Jimi Hendrix did not always have cut-and-dry solos in his songs. Many times, a chorus or verse may be mistakenly interpreted as a solo because of his style of play. Although, I have dug through his library to find out, what are the 3 best Jimi Hendrix guitar solos.
The three best Jimi Hendrix guitar solos are Come On (Let The Good Times Roll), Voodoo Child (Slight Return) – Live in Maui, 1970, and The Wind Cries Mary. Come On (Let The Good Times Roll) is a great solo that captures Jimi’s inventive use of effect pedals, fast-paced BPM, and various techniques like double stops and triads.
Continue reading to find out:
- The 3 best Jimi Hendrix guitar solos and why.
- What is Jimi Hendrix’s most famous song?
What is Jimi Hendrix’s Most Famous Song?
Jimi Hendrix’s most famous song is All Along The Watchtower. A cover of Bob Dylan, Hendrix’s version of this song is his only physical single to surpass one million sales. Before iTunes was shut down, it was the top seller of Jimi Hendrix songs. On YouTube, the song currently has 210 million views, the most on the channel. On Spotify, it is his most played song with 550 million streams.
Chart Masters researched that All Along The Watchtower had the greatest singular impact on its album sales than any other song in the Jimi Hendrix library.
3 Best Jimi Hendrix Guitar Solos
The three best Jimi Hendrix guitar solos are:
- Come On (Let The Good Times Roll)
- Voodoo Child (Slight Return) – Live in Maui, 1970
- The Wind Cries Mary
Continue reading to find out how each of these songs got their rankings.
1. Come On (Let The Good Times Roll)
The best Jimi Hendrix guitar solo is from the song Come On (Let The Good Times Roll). The solo features a fast-paced mix of wah pedal neck rundowns, innovative triads, and double stops.
This song was originally made by Earl King and Roomful of Blues in 1960 and has been covered by many legendary guitarists, most famously Jimi Hendrix. The solo appears on Jimi Hendrix’s album, Electric Ladyland.
The song itself is pure blues rock. Its faster pace lasts throughout the entire song with the solo being the highlight. The solo starts at the 1-minute and 14-second mark of the studio version and lasts roughly 50 seconds.
First, let’s discuss the effects. In typical Hendrix fashion, the fuzz pedal is in full force. Secondly, the wah pedal makes an appearance during this solo. The wah pedal used was likely a VOX but the fuzz pedal can be many things. During this album, Electric Ladyland, Jimi experimented with many different fuzz pedals.
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The solo starts with a classic blues lick on the high 3 strings, bending the G, and hitting the B and high string in repetition, all with heavy wah. This is all followed by the root note and then the meat of the solo. At the 1:34 mark of the studio version, Hendrix’s guitar mastery is displayed with a combination of perfectly timed hammer-ons and pull-offs.
The solo starts to wind down after Jimi plays fast-paced triads, starting to go into the five-chord.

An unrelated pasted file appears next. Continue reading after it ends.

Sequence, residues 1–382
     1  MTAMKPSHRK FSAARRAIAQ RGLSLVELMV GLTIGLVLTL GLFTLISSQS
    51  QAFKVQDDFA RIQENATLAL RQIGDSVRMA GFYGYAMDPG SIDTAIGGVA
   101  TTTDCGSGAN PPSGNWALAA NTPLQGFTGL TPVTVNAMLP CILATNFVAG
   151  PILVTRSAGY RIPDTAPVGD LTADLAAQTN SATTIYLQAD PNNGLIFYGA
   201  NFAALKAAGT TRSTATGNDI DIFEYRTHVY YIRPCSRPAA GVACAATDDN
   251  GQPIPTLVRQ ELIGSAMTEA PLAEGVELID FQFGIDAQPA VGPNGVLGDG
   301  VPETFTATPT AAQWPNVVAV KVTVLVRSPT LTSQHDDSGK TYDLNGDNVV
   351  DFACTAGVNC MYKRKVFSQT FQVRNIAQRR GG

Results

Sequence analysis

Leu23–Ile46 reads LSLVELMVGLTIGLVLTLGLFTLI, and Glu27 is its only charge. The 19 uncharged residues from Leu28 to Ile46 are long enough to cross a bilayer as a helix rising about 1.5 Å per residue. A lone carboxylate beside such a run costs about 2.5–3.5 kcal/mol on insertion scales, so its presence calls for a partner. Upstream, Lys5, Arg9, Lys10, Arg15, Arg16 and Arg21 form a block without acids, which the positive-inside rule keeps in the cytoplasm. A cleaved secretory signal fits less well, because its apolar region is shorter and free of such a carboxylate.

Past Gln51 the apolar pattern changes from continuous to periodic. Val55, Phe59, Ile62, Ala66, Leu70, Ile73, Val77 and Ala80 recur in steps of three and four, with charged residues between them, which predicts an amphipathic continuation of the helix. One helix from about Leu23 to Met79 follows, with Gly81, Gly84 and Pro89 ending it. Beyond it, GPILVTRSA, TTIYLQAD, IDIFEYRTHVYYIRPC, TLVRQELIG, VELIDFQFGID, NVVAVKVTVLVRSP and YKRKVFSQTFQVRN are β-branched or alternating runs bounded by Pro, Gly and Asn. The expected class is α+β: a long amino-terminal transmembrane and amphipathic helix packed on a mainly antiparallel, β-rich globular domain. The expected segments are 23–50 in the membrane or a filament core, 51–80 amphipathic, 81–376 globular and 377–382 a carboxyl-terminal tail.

2. Voodoo Child (Slight Return) – Live in Maui, 1970
The second best Jimi Hendrix guitar solo is from Voodoo Child, the Live in Maui version that took place in 1970.
The Maui performance was a live performance album put on by Chuck Wein. This Maui concert series was something Hendrix did not want to partake in but did anyway.
Voodoo Child (Slight Return) appeared on Electric Ladyland as the last track, although I believe the solo in this live version to be better.
The song itself is basically one long solo, mixed with the chorus and verses. For that reason, it is difficult to pinpoint where the solo starts and ends.
Treating the song as one long version, this version is guitar and sound mastery. The performance shows Jimi’s complete control of the sound and the dials involved in creating the massive distortion he is known for.
It is this control and distortion mastery that I believe exemplifies Jimi Hendrix as a whole, thus how it made this list. This solo was the peak of Jimi’s abilities, and he would die two months after sadly.
In this solo, Jimi makes his guitar sound like a laser and seamlessly does not miss a beat, allowing for the music to completely flow from his brain to his fingers.
3. The Wind Cries Mary
The third best Jimi Hendrix guitar solo is from The Wind Cries Mary.
The song appeared on the album Are You Experienced, and was an instant hit. It took 20 minutes to record, most of the guitar parts being new additions during 20 minutes.
The public, especially guitar players, loved how raw and melodic every aspect of the solo was. From the chord progression, embellishments, and finally the soft touch. It is a solo that continues to be praised as one of the best solos of all time. But not for its speed or difficulty, more for its ingenuity and harmonic perfection.
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The solo is almost entirely double stops and triads, with more than one note consistently ringing out. Up until this song, the majority of solos that existed in the blues world were single note compositions. This solo is different where less than 10% of the solo are just single notes, the rest is double stops. This solo is a perfect example of the impact Hendrix had on the guitar community going forward.
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